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Definition of Success problems with projectile motion

  1. Oct 5, 2016 #1
    So I just got beat up by this question on my midterm. I'm not sure if these problems are always called definition of success but that is how my professor refers to them as.

    The question: (paraphrased)

    When you walk into your dorm room you like to throw your keys onto the center of your desk. The center of your desk is 8 meters from you and is 1 meter high. You're nearly 2 meters tall thus your throw well start at 2 meters. You throw it at an angle of 30 degrees. Because of all your practice it lands dead center on your desk. What is the initial Velocity, Vo, of your throw, and at what time, t, does it land?

    My attempts and thoughts:

    I was at a total loss for this problem, I tried reworking the three constant acceleration equations and got no where. Upon leaving the lecture hall, it dawned on me that the range equation may help but I'm not 100% on that either. Thanks for your help I just want to know how to approach this type of problem in the future.
     
  2. jcsd
  3. Oct 5, 2016 #2

    andrewkirk

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    Write two equations, one for height y above the floor and one for horizontal distance x from where you were standing.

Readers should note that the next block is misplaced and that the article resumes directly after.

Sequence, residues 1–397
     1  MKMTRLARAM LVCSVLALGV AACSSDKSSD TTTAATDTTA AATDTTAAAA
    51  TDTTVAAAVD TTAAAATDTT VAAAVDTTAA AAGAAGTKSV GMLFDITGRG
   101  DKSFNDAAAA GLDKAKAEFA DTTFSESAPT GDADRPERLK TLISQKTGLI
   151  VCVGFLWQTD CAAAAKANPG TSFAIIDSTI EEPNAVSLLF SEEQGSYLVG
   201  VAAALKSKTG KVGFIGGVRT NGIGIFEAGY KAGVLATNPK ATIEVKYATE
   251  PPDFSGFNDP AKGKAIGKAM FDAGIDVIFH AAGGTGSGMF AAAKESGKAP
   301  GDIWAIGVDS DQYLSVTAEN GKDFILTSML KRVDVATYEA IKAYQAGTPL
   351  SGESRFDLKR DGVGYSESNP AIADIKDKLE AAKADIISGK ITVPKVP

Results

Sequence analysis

The equations will involve ##x,y,t,V_0## as well as sines and cosines of the known angle 30 degrees. At the landing point we have ##x=8,y=1##, which leaves us with two unknown variables and two equations, hence that can be solved.
     
  4. Oct 5, 2016 #3

    RUber

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    You are looking to find the velocity required to start at [0,0] with initial angle of 30 degrees and end at [8,-1].
    Your horizontal component of velocity is ... ?
    Your vertical component of velocity is ... ?
    Using vertical component of velocity ##v_{vert},## you can determine the time it takes to return back to y = -1.
    ## r(t) = v_{vert}*t - 9.8 \frac{t^2}{2} = -1##
    Take the positive option for t in terms of v_0.
    Using the horizontal component ## v_{horiz},## you can set ##r(t) = 8 = v_{horiz}*t##.
    This will give you an equation in terms of the components of v.
    The form you get should look just like the range equation, except some forms of the range equation assume that you will end at y=0. If that were the case, you simply shift your starting points accordingly.
     
  5. Oct 6, 2016 #4

    Well theres 20 points I lost by writing Vox and Voy oppose to VoCOS(Theta) etc. Thanks for the response lesson learned.
     
  6. Oct 6, 2016 #5

    RUber

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    You were not wrong to use ##V_{0x}, V_{0y}##, but the solution hinges upon how they are related to each other by the launch angle.
     
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